Anarcheologos

The Creative Exploration of Language

Monthly Archives: January 2013

Bashful

The word bashful came to mind recently and I realized that, while I understood its meaning, I didn’t understand how the meaning was arrived at.  In short, I realized that I had no idea what “bash” meant.

When I looked into it, I was surprised to find that “bash” actually comes from a French root, “abaissier”, which means “to humiliate” or “to bring low”.  In this case, the word seems to have been adopted into English and altered to sound, and be used, like an English word.

The meaning has changed slightly in English to mean shy or timid rather than humiliated.  Bashful, then, means to be full of shyness.  What I find interesting is the way that the French word was absorbed and modified until it reached a point where it looks and sounds like a native English word.  This seems not to be the case very often.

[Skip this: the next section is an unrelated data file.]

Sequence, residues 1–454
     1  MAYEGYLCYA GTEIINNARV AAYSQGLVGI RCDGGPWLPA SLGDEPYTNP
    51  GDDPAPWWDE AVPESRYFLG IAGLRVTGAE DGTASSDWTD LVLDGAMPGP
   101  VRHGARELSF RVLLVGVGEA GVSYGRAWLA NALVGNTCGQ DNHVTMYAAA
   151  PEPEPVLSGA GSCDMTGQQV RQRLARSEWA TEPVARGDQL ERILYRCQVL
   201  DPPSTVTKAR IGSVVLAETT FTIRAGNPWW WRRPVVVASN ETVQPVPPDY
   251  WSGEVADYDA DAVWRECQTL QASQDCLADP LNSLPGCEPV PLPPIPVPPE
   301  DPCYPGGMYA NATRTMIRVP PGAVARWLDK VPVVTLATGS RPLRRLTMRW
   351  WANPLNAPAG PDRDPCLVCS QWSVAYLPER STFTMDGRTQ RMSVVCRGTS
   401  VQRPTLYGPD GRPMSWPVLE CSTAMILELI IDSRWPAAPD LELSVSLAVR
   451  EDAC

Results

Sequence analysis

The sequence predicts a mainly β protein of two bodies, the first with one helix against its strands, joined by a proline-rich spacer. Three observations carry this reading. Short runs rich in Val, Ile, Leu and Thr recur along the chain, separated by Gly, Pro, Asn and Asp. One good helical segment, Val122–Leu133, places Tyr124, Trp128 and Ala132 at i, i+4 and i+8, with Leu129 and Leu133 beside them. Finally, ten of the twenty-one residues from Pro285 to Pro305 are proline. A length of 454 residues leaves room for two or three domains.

For instance, a word like office is incongruous because it involves pronouncing the letter “c” in a way that is not natural in English.  In other words, office is obviously a foreign loan word, while bashful masquerades successfully as a Anglo-Saxon.

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